Wednesday, June 7, 2017

Aaron Hicks is Good; Terry Ryan, JR Murphy Are Not

It should come as no surprise that former Minnesota Twins executive Terry Ryan had a rough few final years with the organization. Long praised for his scouting acumen, the team ignored the monumental advancements in technology, video analysis and even fairly simple advanced stats in favor of their scouts opinions. This "old-school" approach led the team to make mistake after mistake in player evaluations, which is why the team limped to the league's worst record last season and has struggled badly for years now.




The organization's final significant trade under Terry Ryan came last off-season, when the Minnesota Twins sent outfielder Aaron Hicks to the New York Yankees for catcher John Ryan Murphy in a trade that was widely considered a swap of two mediocre players.

In November of 2014, a full off-season before Hicks was traded, here at TBTBB we took a look at Hicks' early career in comparison to both Torii Hunter and Kirby Puckett. We had suggested that it was far too early to give up on Aaron Hicks, and that the team should spend the 2015 season with Hicks in center field full-time, because most players need around 1,000 plate appearances before they start to break out. He posted a .721 OPS in 97 games in 2015, which still left room for improvement but was a huge upgrade from his prior numbers.

After the trade, Hicks 2016 season wasn't great, as he regressed offensively and appeared destined to be a platoon type outfielder with great defense. But even with him hitting just .217/.281/.336, he out-produced John Ryan Murphy by a large amount. Murphy hit just .146/.193/.220 in 26 games for the Twins, and remains a triple A level catcher at this juncture.

This season, Aaron Hicks is hitting an outstanding .321/.432/.577 in 44 games for the Yankees, while Murphy was unable to beat out catcher/64 MPH long reliever Chris Gimenez as Jason Castro's platoon partner behind the plate.

What's frustrating about this kind of deal isn't necessarily the final result, because sometimes players develop or decline in ways nobody could predict. It's frustrating because even a quick glance at a few useful stats would've shown that Hicks had a chance to breakout, as we mentioned in our piece in 2014, and that outside of a solid 100-at-bat performance in 2015, John Ryan Murphy had never shown any kind of potential with his bat in the high minors or the big leagues.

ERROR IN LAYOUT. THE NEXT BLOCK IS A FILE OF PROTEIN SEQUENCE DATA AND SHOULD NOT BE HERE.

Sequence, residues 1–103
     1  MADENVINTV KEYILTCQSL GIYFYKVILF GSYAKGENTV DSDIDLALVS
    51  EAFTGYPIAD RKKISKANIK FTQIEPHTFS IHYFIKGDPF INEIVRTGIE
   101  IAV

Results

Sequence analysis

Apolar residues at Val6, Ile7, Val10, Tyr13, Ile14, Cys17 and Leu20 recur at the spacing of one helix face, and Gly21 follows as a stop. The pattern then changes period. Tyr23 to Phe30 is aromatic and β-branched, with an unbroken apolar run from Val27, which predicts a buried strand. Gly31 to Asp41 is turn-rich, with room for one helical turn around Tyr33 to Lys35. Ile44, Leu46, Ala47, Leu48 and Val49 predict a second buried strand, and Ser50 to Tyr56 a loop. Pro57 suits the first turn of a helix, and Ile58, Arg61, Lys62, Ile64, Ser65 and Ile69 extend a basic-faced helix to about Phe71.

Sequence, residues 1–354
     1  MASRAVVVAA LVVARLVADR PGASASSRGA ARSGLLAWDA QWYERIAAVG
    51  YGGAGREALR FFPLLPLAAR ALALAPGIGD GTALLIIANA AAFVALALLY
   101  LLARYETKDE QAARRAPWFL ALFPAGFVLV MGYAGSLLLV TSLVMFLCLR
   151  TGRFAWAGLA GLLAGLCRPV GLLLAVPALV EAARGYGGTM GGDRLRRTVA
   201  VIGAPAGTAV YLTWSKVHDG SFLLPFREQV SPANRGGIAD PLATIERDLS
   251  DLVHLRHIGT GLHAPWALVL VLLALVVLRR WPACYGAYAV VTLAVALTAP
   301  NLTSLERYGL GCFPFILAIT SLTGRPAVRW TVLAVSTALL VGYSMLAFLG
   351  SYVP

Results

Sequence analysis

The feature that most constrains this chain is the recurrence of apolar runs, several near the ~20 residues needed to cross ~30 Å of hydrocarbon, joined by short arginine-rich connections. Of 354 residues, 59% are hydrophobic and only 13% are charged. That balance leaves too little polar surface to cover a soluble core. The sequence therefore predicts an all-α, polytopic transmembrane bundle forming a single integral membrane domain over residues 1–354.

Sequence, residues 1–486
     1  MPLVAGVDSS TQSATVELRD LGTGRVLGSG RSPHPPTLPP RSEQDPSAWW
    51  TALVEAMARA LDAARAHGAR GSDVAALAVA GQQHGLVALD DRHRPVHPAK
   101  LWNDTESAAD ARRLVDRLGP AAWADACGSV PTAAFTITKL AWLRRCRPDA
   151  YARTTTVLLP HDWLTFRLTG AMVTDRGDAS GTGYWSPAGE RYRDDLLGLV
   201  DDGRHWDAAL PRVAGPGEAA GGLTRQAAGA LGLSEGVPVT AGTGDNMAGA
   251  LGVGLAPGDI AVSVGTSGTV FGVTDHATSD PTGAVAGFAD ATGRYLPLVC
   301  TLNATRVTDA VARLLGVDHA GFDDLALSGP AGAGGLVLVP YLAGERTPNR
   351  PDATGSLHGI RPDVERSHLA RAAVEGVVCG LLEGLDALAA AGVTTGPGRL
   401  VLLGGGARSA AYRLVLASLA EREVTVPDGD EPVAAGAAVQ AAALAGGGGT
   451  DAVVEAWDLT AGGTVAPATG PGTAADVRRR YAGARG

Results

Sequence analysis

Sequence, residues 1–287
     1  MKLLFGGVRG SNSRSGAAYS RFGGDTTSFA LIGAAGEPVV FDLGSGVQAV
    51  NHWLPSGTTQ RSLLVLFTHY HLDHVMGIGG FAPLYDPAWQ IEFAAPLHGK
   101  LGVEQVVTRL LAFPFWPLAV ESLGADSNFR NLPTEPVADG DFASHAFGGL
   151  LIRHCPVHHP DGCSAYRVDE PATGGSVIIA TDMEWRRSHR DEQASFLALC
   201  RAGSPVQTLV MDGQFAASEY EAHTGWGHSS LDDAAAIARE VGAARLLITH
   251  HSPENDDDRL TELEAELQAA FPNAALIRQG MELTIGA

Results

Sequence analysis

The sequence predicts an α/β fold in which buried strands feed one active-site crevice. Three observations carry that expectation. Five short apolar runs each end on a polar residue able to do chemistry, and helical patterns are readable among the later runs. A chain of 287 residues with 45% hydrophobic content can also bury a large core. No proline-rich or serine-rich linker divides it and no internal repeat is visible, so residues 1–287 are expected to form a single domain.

Hicks is unlikely to be as productive all season as he has been up to this point, as his impressive slash line is being aided by an unsustainable .346 BABIP. His career average is .275, so a slight regression should be coming in the near future. However, Hicks remains a very good defender as well, which makes him extremely valuable. If he somehow continues to hit this way all season, he's an MVP candidate, which sounds ridiculous but it's a fact.

If he finishes with an OPS around .800 instead of 1.000, he's still going to rate as one of the league's better all around outfielders, and will likely be 2 or 3 wins better at a minimum than current Twins left fielder Eddie Rosario.

Watching Terry Ryan garner universal praise inside baseball year after year while it was obvious he was ten steps behind the smarter teams was depressing, and we should all be thankful the team struggled so badly last season that they finally decided to move into the 21st century by firing their long time executive. It's great to see Hicks doing so well after we defended his potential for years, it's just a shame we have to watch him excel for the Yankees.